College Ranking Formula

College Rankings Formula, University Rankings Formula, Ivy League Rankings Formula

Should the college ranking formula be tweaked?

The “Freakonomics” guys, pals of Bev’s son, have brought to our attention a paper authored by economists Christopher N. Avery, Mark E. Glickman, Caroline M. Hoxby, and Andrew Metrick that concerns the college ranking formula. In the abstract, as brought to our attention by, the authors propose ranking colleges not by the current variables employed by “US News & World Report” but rather by student revealed preferences. In light of the recent admissions scandals at Claremont McKenna College and George Washington University, it might be a good idea to adjust the algorithm — or at least provide safeguards to prevent deans of admission from fudging data. Maybe a school would get booted from the “US News & World Report” rankings for several years — like a ban from the NCAA to compete in post-season play.

Anyhow, here’s the abstract of the paper: “When a student chooses a college among those that have admitted him, that college ‘wins’ his ‘tournament.’ Our method efficiently integrates the information from thousands of such tournaments. We implement the method using data from a national sample of high-achieving students. We demonstrate that this ranking method has strong theoretical properties, eliminating incentives for colleges to adopt strategic, inefficient admissions policies to improve their rankings. We also show empirically that our ranking is (1) not vulnerable to strategic manipulation; (2) similar regardless of whether we control for variables, such as net cost, that vary among a college’s admits; (3) similar regardless of whether we account for students selecting where to apply, including Early Decision. We exemplify multiple rankings for different types of students who have preferences that vary systematically.”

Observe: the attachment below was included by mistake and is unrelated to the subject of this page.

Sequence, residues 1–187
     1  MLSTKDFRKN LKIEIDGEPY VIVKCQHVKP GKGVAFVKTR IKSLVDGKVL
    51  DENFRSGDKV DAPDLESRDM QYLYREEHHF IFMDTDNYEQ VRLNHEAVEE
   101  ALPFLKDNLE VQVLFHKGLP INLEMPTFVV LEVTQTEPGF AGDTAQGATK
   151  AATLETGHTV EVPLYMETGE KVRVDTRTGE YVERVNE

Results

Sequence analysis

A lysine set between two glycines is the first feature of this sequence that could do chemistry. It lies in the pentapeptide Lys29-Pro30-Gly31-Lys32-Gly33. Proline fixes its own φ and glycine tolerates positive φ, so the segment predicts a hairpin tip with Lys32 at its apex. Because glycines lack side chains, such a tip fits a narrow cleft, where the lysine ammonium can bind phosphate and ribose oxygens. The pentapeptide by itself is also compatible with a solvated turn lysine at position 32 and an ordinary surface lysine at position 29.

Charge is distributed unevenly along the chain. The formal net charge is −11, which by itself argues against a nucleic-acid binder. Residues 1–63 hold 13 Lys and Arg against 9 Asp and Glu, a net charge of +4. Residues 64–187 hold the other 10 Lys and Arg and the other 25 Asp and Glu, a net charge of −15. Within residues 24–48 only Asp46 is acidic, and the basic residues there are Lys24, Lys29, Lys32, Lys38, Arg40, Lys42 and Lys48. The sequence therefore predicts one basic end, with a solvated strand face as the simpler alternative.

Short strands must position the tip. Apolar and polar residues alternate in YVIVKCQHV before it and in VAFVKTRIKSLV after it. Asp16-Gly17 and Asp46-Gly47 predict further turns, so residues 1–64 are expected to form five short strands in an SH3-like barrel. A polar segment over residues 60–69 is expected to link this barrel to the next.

Do you think these changes should be implemented by “US News & World Report”? What’s your opinion on the important “US News & World Report” rankings? Let us know your thoughts on the matter by posting below!


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1 Comment

  • George Cornelius says:

    US News should drop consideration of acceptance or admission rates. It encourages bad behavior on the part of institutions (inflating the pool of applicants) and, consequently, yields artificially low rates that aren’t a fair reflection of true desirability or competitiveness and misleads applicants. Yield is a better indicator, although it, too, is subject to manipulation. Perhaps better yet is the revealed preference approach proposed by Avery, Glickman, Hoxby and Metrick. Personally, I’d give more weight to four-year graduation rates.

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